Rong, Lu; Yukio, Kamiya; Tetsuo, Miyakoshi

2007-03-15

12

Structural study of oriental lacquer films during the hardening process.  

PubMed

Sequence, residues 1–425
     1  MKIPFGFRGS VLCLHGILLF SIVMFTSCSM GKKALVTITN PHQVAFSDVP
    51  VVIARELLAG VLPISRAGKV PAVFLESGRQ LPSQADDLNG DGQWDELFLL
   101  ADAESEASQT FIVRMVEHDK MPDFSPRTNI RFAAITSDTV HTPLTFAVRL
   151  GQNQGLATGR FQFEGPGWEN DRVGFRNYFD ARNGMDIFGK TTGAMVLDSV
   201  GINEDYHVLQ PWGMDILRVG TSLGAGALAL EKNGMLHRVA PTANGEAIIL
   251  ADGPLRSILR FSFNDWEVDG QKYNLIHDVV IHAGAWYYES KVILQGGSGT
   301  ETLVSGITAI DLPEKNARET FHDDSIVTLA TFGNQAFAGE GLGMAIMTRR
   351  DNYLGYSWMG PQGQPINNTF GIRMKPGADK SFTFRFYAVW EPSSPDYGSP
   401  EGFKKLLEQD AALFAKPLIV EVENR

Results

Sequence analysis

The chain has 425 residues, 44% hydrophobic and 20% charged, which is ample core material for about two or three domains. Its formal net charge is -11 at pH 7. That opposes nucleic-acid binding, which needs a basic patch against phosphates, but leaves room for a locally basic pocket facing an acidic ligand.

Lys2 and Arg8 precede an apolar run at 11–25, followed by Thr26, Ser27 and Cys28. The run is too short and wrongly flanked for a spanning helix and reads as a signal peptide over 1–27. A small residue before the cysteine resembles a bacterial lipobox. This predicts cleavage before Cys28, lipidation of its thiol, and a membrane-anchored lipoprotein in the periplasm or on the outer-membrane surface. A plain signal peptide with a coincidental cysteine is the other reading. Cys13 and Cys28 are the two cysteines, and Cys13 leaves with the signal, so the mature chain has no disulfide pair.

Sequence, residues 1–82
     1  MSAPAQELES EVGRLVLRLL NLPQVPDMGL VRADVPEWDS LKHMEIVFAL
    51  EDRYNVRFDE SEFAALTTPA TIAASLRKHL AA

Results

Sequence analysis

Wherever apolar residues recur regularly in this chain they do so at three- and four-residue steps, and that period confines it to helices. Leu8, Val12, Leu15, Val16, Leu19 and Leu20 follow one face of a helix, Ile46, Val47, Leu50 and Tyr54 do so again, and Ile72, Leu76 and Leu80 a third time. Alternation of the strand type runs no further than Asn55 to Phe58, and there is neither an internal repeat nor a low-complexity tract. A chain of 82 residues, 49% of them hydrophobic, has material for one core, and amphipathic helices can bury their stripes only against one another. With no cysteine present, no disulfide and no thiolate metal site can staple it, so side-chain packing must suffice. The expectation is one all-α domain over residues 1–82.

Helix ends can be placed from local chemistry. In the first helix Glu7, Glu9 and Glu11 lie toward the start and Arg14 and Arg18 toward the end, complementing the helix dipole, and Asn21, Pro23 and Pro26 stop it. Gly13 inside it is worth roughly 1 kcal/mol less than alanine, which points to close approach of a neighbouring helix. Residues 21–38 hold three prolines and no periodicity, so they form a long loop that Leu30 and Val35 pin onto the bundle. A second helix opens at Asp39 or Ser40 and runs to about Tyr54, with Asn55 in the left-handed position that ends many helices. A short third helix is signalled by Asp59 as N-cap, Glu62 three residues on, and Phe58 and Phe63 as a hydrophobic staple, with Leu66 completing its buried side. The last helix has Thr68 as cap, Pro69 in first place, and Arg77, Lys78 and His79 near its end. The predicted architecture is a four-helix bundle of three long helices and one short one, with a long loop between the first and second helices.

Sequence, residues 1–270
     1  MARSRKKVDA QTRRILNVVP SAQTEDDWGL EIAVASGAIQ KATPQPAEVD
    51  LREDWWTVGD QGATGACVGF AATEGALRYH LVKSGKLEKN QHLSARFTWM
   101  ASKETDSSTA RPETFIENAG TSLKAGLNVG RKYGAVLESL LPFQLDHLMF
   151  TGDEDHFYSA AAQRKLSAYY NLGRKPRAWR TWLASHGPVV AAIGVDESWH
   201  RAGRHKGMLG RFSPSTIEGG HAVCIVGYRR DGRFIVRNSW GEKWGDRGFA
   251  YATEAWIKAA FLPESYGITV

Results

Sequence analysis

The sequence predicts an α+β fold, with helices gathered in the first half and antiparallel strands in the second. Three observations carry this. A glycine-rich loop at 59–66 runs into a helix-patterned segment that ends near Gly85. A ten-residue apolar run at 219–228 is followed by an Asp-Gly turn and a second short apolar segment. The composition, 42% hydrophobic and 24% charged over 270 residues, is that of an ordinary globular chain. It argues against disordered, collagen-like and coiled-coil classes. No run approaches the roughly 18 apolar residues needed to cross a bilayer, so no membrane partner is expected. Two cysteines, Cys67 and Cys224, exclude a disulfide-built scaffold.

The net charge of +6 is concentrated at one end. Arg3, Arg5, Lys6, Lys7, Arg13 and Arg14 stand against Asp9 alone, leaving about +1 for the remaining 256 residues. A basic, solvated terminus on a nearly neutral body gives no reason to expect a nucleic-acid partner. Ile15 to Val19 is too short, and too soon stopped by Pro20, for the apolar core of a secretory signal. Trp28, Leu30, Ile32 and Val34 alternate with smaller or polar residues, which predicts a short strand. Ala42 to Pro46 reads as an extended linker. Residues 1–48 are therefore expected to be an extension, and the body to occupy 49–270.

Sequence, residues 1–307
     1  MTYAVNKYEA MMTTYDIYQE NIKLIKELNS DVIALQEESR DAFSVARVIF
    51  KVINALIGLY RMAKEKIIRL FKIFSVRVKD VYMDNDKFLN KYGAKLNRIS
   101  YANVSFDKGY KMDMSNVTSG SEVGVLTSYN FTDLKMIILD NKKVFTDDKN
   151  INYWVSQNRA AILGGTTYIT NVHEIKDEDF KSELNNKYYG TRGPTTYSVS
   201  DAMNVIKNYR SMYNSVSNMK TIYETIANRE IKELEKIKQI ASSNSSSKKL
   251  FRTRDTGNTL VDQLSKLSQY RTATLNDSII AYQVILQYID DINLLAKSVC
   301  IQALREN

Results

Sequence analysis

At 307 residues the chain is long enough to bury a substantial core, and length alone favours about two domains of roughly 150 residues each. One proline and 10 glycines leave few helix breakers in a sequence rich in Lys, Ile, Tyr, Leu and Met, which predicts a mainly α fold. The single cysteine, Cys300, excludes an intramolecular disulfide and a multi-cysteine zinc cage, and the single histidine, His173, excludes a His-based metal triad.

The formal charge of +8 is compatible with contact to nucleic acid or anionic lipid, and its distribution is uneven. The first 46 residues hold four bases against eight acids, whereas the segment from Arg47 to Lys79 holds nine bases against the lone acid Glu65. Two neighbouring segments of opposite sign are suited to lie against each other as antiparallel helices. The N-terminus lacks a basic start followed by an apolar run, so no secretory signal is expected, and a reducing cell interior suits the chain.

Oriental lacquer is the natural resin obtained by tapping lac trees. It hardens into a tough and insoluble film. The extreme hardness and insolubility are some of the most important functions, which are required for industrial coating materials. In this study, two kinds of oriental lacquer films, traditionally named Kiurushi (raw urushi) and Kuromeurushi produced by two different pretreatments, were analyzed during hardening with Fourier transform infrared spectroscopy (FT-IR), thermogravimetry/differential thermal analysis-mass spectrometry (TG/DTA-MS) and pyrolysis-gas chromatography/mass spectrometry (Py-GC/MS) to investigate their functional expression process. Typical functional groups of the lacquer films were detected by FT-IR. The TG/DTA-MS curves clarified that the thermal degradation of the lacquer films gradually began at around 200 degrees C, and reached the fastest rate at 400-500 degrees C. Apparently, FT-IR and TG/DTA-MS could not reveal any difference between the films. On the other hand, Py-GC/MS revealed differences between the films in the peak area ratios of 3-pentadecenylcatechol to 3-pentadecylcatechol and 3-pentadecadienylcatechol to 3-pentadecylcatechol. The ratios of Kiurushi lacquer film were higher than those of Kuromeurushi lacquer film. Both ratios, furthermore, decreased during hardening due to polymerization of the alkenylcatechols into an urushiol polymer skeleton comprising nucleus-side chain and side chain-side chain cross-linkages with 3-pentadecylcatechol at the terminal. The present results suggest that the reaction rate of these cross-linkages in Kuromeurushi lacquer film is faster than that in Kiurushi lacquer film. A good correlation was found between the peak area ratios obtained by Py-GC/MS and hardness obtained by pencil hardening testing. Oriental lacquer expresses the functions - an extreme hardness and insolubility - accelerating the nucleus-side chain and side chain-side chain cross-linkages. Furthermore, it has become clear that the traditional treatments called Nayashi and Kurome effectively accelerate the hardening rate by activating the cross-linkages. PMID:18970743